Showing the multi-layered architecture of the Museum. The Museum of Modern Art had high points, Claude Monet's Water Lilies being the highlight for me. It also had its low points. In one gallery the room was divided up with large bits of bent cardboard so that you had to meander through such exhibits as the head of a sex doll rising up out of a pile of scrunched up tissue paper, or several large boxes of brightly coloured straws which had been tipped out in a heap on the floor. I'm not going to apologise for my views here: this was not a work of art, this was a pile of straws!

I took some interesting shots of the inside of the building which I believe to be far more skilled and artistic than a box of straws! I spotted this girl taking some time out from the exhibits.

 

 

 

 

 

 

 

 

 

Looking down through two stories of the MoMA.

 

 

 

 

 

 

 

 

 

 

 

The Little Italy and Chinatown districts were interesting to walk through but had little of photographic interest. We made our way to Pier 17, which is supposed to be an area of shops and restaurants with picturesque walks along the waterfront. Unfortunately the advertised opening date of 2015 was somewhat inaccurate and the pier itself was still a building site. We found a café which served suitably delicious looking sandwiches and set about trying to translate the menu board.

Little Italy, NYC. After lunch we made our way along the waterfront to the Museum of the Native American Indian which was interesting and infuriating in equal measures. These native people who were living in peace with the land (if not always with each other) were treated abysmally by the Europeans who arrived on their shores. At first all was friendly while the Europeans needed the natives experience of how to survive in this 'new world'. Later, when the immigrants became greedy, they cheated the natives out of their lands if they were lucky, and subjected them to genocide if they were unlucky. It really upsets me when I hear the likes of Donald Trump complaining about the immigrants. Just try looking at your history before you throw stones!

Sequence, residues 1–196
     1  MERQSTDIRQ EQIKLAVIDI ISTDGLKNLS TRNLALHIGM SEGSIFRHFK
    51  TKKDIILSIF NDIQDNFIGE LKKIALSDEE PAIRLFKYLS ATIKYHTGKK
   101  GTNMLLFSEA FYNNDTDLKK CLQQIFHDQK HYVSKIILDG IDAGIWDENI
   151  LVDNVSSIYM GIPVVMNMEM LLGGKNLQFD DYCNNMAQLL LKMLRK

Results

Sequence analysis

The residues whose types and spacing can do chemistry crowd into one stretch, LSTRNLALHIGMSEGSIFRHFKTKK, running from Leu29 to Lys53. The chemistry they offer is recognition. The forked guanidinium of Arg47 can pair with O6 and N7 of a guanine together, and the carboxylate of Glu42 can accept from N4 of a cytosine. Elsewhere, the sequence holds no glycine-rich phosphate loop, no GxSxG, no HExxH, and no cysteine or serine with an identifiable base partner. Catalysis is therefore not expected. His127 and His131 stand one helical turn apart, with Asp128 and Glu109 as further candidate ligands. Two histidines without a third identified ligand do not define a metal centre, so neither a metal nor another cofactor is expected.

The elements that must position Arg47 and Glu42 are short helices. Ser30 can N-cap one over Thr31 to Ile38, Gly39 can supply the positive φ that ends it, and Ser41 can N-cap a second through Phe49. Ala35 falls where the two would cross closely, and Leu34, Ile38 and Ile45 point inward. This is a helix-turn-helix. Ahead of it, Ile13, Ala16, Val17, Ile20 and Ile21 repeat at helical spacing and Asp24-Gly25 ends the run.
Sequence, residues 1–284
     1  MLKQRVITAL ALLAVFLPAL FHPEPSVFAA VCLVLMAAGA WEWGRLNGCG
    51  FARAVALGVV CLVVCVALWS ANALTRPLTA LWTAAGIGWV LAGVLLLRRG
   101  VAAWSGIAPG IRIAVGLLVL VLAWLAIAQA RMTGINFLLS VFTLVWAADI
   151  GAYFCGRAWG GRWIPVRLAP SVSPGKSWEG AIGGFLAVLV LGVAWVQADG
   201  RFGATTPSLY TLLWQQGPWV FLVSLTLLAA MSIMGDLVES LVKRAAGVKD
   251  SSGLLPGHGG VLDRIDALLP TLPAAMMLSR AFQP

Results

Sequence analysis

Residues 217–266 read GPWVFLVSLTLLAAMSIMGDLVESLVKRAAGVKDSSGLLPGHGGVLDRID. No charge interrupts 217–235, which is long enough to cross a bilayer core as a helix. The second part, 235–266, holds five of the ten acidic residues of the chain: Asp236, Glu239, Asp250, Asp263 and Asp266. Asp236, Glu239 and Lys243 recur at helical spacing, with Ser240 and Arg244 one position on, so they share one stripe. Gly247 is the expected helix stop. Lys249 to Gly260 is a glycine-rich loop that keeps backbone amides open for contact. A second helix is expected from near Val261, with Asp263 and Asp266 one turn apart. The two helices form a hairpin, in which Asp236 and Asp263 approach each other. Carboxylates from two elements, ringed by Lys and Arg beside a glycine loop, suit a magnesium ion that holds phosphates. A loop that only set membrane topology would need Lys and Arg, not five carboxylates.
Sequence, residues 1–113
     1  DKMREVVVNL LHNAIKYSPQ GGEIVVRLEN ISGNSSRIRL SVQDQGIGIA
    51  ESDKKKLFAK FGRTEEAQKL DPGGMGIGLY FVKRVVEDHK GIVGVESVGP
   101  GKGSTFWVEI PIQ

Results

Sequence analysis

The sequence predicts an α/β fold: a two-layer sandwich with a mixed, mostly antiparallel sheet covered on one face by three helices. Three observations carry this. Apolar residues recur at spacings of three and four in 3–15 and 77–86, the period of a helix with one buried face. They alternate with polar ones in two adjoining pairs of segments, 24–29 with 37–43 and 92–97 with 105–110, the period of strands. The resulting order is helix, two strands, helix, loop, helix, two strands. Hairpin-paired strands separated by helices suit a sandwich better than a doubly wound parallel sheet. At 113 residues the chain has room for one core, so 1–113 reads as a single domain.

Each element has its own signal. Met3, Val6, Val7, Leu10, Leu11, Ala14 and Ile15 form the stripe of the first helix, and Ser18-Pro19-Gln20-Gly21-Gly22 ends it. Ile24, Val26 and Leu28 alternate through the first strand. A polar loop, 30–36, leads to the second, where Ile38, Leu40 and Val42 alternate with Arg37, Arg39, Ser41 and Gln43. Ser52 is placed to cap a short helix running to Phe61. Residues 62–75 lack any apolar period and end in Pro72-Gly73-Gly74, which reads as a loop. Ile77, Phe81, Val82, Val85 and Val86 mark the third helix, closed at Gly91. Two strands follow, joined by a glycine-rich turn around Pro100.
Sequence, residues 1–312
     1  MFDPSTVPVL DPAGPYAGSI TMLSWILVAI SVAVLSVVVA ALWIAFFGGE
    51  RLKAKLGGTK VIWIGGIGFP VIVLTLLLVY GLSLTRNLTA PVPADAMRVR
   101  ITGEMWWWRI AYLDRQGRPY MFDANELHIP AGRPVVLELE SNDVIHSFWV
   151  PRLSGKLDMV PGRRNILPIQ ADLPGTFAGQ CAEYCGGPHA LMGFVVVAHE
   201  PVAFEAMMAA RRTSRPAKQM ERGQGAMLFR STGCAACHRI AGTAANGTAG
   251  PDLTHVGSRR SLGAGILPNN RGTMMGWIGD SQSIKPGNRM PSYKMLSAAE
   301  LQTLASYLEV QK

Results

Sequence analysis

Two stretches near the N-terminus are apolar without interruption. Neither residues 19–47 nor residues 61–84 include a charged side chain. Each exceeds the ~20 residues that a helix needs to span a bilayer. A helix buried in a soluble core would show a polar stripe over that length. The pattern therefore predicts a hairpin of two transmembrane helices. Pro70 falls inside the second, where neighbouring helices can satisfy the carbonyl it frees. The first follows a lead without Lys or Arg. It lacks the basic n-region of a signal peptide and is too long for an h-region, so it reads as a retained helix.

Wall StreetThe building on the right is the New York Stock Exchange.

 

 

 

 

 

 

 

 

 

 

While we were in the area we took a walk down Wall Street, just one more of those places that just has to be seen.

When I said that everything is big here, that includes the open spaces. The main green space for people to escape from the rat race of the city is Central Park. This is a park on a huge scale, approximately 4km by 1km it sits, as the name would suggest, right in the middle of the city.You can get an idea of the scale of the park in the top of this photograph (below). Another view from the Empire State Building: Central Park can be seen in the distance.

 

 

The city crowds in on Central Park from all sides. Obviously in such a big park there is plenty to see and we spent a whole morning meandering through. Below is a picture of the boating lake, on the other side of which is the Boathouse restaurant and café. We only stopped here for a sandwich and a drink but I was told later that the restaurant is one of the best in NYC. Fountain and boating lake in the middle of Central Park.

Nearby the fountain is a memorial to John Lennon who owned an apartment overlooking this part of the park. A little further round is this tribute to Lewis Carol.

A scene from Alice in Wonderland, the Lewis Carol tribute. The John Lennon tribute. A stained glass window in the Metropolitan Museum.

 

 

 

 

 

 

 

 

 

 

 

If you are going to explore Central Park I suggest you get a good map as ours in the guide book was a little vague and it was sometimes hard to locate the things that you want to see. Then getting lost is all part of the fun!